There will soon be a smart piece of plastic cycle path on the TU Delft Campus that will keep track of how much traffic is passing over it and in which direction. Another trial that will start in June is the Smart Mobility Hub, a place where various means of transport are made available. These hubs provide insight into usage and traveller behaviour.
These projects, that will be conducted in the period of two years, are the result of a collaboration between two TU Delft Campus field labs: Delft on Internet of Things (Do IoT) and Mobility Innovation Center Delft (MICD). In the coming years, they will use the latest digital technologies to test smart mobility systems to keep Delft accessible and liveable.
The sensors in the so called PlasticRoad run on artificial intelligence and complement existing techniques to gain insight into pedestrian and cyclist flows. In addition, they can also be used in places where cameras cannot be hung, for example because there are trees.
Smart Mobility Hubs are places where residents and visitors can easily and quickly change means of transport, such as rental cars, bicycles or public transport. The hubs are located at strategic locations in the city. The TU Delft researchers will investigate which places in Delft are most suitable, make a digital design and test it in a virtual environment, in order to gain insight into the expected effects of the hubs on traffic flows.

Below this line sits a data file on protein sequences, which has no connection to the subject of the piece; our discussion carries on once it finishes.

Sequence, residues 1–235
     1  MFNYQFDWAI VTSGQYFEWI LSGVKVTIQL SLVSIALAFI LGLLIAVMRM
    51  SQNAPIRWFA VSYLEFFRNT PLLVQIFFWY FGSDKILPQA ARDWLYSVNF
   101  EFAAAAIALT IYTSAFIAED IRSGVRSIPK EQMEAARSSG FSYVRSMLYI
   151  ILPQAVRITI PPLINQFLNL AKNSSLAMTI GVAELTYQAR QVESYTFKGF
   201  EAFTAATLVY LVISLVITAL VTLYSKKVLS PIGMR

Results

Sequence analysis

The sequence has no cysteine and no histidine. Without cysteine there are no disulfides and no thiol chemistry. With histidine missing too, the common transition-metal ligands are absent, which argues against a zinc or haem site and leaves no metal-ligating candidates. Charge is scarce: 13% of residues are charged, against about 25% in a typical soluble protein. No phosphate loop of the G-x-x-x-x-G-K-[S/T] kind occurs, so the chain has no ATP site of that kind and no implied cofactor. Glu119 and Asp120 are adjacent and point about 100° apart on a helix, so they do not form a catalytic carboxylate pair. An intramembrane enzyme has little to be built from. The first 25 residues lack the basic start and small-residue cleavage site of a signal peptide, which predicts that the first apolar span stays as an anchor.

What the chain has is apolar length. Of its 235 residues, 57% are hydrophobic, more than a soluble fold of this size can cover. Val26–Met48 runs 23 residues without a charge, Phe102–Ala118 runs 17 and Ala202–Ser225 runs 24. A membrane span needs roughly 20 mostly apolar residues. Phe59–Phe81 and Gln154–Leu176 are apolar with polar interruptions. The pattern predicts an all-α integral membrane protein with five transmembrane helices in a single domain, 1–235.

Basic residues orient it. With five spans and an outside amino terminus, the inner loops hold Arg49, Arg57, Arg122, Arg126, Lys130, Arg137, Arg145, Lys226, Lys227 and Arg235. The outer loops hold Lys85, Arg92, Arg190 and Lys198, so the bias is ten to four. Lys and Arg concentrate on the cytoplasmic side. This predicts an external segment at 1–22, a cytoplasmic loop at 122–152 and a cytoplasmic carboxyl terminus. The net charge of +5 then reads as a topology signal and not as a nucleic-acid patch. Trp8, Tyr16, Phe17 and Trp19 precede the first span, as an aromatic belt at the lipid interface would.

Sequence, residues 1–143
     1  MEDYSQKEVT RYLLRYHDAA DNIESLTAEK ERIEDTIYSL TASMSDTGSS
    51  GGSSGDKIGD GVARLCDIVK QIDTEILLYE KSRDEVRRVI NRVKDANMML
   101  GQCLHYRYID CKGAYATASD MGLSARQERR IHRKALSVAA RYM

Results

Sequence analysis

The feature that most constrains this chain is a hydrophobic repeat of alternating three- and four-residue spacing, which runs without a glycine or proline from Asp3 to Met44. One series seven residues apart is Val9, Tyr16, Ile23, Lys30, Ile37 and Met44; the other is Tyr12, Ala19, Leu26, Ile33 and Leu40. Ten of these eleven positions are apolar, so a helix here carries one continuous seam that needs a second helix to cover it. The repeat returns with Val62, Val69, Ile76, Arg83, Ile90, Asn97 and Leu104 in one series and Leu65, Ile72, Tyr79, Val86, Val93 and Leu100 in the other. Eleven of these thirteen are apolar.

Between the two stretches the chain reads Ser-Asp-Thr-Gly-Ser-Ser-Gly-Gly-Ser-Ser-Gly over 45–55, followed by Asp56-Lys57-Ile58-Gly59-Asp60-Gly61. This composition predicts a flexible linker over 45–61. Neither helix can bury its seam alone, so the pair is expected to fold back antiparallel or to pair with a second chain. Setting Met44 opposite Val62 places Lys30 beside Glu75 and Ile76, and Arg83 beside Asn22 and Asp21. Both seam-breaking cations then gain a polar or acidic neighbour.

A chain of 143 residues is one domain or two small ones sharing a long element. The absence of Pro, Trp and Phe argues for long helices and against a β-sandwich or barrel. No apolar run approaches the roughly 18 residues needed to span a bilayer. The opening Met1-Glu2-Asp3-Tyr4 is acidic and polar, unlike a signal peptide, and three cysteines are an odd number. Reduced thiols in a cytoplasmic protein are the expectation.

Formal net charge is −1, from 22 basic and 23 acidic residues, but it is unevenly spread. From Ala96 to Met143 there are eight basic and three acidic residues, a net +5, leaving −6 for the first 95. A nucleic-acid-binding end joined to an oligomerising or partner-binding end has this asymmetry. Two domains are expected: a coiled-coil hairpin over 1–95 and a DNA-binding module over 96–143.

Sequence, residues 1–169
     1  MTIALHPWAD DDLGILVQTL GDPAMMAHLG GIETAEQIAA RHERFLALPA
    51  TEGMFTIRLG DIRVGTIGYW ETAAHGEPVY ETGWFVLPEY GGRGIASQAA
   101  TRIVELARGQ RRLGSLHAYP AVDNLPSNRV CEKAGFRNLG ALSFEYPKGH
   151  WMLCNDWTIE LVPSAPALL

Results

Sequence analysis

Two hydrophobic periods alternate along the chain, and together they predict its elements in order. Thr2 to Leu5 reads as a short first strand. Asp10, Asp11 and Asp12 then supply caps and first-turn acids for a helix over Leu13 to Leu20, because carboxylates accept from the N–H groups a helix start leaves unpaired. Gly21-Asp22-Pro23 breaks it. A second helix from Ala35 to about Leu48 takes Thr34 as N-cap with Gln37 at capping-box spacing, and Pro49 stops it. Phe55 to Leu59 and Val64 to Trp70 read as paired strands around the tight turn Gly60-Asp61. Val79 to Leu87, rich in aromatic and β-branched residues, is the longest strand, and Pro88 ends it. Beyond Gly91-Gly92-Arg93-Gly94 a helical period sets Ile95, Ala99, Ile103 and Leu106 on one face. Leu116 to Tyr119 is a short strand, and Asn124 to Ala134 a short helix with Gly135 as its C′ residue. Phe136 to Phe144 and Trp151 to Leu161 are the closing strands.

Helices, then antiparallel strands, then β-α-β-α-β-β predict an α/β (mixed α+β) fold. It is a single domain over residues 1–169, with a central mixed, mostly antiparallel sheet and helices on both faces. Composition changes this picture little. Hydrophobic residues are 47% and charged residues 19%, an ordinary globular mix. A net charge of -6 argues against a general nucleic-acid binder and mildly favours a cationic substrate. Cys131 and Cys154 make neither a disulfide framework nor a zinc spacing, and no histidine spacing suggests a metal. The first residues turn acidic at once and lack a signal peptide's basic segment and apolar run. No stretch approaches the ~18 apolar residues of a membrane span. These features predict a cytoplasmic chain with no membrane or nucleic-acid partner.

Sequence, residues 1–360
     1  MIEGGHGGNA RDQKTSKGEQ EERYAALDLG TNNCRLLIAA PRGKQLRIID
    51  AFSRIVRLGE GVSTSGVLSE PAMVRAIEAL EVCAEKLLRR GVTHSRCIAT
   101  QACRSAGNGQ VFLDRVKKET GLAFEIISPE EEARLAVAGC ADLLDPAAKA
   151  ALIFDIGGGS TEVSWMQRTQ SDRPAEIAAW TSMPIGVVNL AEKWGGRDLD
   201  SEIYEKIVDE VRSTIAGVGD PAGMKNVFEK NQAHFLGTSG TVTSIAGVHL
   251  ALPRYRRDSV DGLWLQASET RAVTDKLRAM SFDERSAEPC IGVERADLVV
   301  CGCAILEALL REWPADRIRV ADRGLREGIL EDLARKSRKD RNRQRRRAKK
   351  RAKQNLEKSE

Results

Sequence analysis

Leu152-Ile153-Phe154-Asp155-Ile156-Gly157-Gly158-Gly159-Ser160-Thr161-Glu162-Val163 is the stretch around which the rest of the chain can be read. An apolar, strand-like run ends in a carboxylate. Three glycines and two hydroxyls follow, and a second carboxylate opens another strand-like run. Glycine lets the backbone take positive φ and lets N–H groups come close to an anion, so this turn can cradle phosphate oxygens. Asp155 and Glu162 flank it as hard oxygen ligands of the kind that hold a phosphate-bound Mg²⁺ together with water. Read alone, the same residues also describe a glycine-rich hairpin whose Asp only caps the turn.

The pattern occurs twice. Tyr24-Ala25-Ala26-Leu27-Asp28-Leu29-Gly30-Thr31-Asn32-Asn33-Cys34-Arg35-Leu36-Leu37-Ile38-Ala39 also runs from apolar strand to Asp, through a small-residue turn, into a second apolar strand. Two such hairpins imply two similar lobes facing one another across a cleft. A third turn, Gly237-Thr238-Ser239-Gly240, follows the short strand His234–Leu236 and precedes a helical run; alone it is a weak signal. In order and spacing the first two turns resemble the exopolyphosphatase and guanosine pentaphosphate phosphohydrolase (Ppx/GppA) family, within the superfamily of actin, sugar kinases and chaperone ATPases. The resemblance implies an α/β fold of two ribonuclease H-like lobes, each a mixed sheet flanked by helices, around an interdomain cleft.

5G and Internet of Things
Programme manager Lenneke de Voogd-Claessen of Do IoT: “The development of smart mobility solutions requires a fast and reliable mobile communication infrastructure. We have the latest scientific insights from TU Delft in the field of communication technology, which we can immediately test in practice, together with innovative start-ups and companies.”
Acceleration of innovation
The combination of Do IoT and the MICD is expected to accelerate innovation in the field of sustainable and intelligent mobility solutions. A pilot in the centre of Delft is part of this. Alderman Bas Vollebregt (Economics): “The project fits in seamlessly with the ambition to realise a more car-free city centre in Delft. The results of this project will be shared with other municipalities, so that the knowledge gained can be used throughout the region.”
Thanks to the smart PlasticRoad, the existing sensor network on the TU Delft Campus will be expanded with an underground part. Sascha Hoogendoorn-Lanser of MICD: “The TU Delft Campus is an ideal testing ground for analysing people’s behaviour and testing innovations in real life, in a privacy-proof and safe manner.”
Both projects are co-funded by the Metropolitan Region of Rotterdam The Hague.